Olbermann, Conan and the Age of Digital Celebrity

Professional pundit Keith Olbermann’s abrupt exit from MSNBC last month was big news in the world of political commentary, but his new gig, announced today, has repercussions beyond the talking head world. Olbermann is taking the role of Chief News Officer at Current Media, and will also be hosting what the press release calls “a new nightly primetime news and commentary show” on Current TV.

Olbermann’s exit deal with MSNBC means that he’ll have to stay off the air for an unspecified amount of time, similar to what Conan O’Brien experienced last year following his exit from The Tonight Show. But during a conference call announcing this decision, Current Media co-founder (and former Vice President) Al Gore stated that the new show would launch this spring. “In a world where there are fewer and fewer opportunities to hear truly distinct, unfettered voices on television, we are delighted to provide Olbermann with the independent platform and freedom that Current can and does uniquely offer,” Gore said in the announcement.

Moving to Current cuts Olbermann off from about 25 million households — Current TV is available in 60 million homes, according to the New York Times, while MSNBC beams into 85 million. It’s also much lower down in the listings, available only on the digital subscription tier.

But will that matter? Olbermann’s path is similar to O’Brien’s from last year — jumping from major network entity to much smaller platform, and bringing with him a vocal fanbase and a huge amount of buzz. This is an age, after all, when a personal brand can potentially be larger than a distribution platform.

Choosing to associate with a lesser-known network — whether it be TBS or Current — is also a guaranteed way for these guys to avoid issues faced at bigger networks and cement their own power. Olbermann, who has a history of battling with management, is taking this one step further by becoming management himself. It’s classic big-fish-small-pond strategy, except that while the fish may live in a small pond, the pond is on the Internet. That means Olbermann and O’Brien’s are not limited just to the small-fry cable networks that actually air their shows.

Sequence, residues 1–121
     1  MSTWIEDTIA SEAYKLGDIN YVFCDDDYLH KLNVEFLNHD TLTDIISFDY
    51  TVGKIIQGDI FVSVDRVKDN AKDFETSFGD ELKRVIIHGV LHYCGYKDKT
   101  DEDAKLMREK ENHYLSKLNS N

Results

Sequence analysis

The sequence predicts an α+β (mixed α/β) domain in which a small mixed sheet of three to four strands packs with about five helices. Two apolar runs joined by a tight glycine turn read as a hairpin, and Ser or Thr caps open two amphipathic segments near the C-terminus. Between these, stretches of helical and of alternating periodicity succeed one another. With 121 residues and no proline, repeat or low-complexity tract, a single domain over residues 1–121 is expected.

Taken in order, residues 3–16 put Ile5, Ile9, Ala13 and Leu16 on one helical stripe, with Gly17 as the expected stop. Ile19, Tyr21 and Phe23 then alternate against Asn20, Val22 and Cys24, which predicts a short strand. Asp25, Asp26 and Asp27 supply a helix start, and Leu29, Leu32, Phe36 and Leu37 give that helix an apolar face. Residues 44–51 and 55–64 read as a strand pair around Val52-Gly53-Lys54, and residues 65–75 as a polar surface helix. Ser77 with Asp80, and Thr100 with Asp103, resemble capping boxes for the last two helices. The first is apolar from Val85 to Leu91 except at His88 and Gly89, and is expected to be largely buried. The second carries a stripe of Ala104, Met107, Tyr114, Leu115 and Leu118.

However, the move to a smaller platform means that the need to be buzzworthy is that much greater. O’Brien has gotten a lot of traction out of digital stunts like an online Q&A series and a 24-hour behind-the-scenes live stream, but his show is still lost in the late-night marketplace, with ratings averaging about one million viewers nightly. TBS says it’s happy, but O’Brien’s value as a brand has definitely declined since his departure from NBC.

The difference with Olbermann is that O’Brien wasn’t interested in exploring new distribution models — he clearly just wanted to keep doing what he was doing on The Tonight Show. Olbermann, meanwhile, has never struggled to get conversations started or stir up controversy. With “[a show] that is produced independently of corporate interference,” as he put it this morning, it’ll be interesting to see what kinds of fights he starts — and more importantly, if he can bring new audiences in.

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